This paper argues that an early 20th century central banker, had he been alive at the turn of the 21st century, would have predicted the 2007-08 crisis and its severity. This paper is Part II of a series which contends that early 20th century banking theory is a valuable framework for understanding the relationship between banks, financial markets, and the central bank. This paper builds on Part I which explained that because a social norm supports the circulation of bank deposits as money, deposits are a network good and this makes possible monetary finance, or the expansion of the money supply as a source of funds for banks to lend.

This paper first analyses the British model of monetary finance, the structured interaction of banks, the money market, and the central bank that formed its core, and the means by which this structure made possible the origination of safe, privately-issued assets. Then, the analysis turns to the macroeconomic implications of monetary finance: in order to protect the monetary social norm, both financial instability and inflation must be avoided. The real bills principle addressed the former by proscribing monetary finance of long-term assets and the latter by requiring careful monitoring and control of the growth of money market instruments that were not real bills.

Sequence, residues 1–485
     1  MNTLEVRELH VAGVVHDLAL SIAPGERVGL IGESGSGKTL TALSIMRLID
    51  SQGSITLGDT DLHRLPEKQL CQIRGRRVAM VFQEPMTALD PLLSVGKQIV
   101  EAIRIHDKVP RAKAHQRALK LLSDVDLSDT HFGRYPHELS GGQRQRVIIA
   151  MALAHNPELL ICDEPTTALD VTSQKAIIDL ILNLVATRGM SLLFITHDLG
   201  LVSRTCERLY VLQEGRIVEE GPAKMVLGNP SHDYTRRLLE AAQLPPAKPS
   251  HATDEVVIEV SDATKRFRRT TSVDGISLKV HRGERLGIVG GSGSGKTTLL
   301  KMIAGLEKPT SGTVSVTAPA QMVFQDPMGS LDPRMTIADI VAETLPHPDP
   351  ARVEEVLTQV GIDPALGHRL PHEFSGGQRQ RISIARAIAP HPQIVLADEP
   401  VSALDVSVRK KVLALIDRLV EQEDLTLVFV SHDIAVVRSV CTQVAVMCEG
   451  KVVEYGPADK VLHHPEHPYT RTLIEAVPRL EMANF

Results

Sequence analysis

Thus, the modern integration of money and capital markets is seen through traditional banking theory to be a recipe for financial instability, because it undermines the ability of banks and the money market to be joined together in the production of safe, privately-issued assets. This theory indicates that restabilizing the financial system will require structural reform and that only after such reform has been implemented can we expect macro-prudential regulation to succeed.


Banking and Finance Law | Comparative and Foreign Law | Law | Law and Economics

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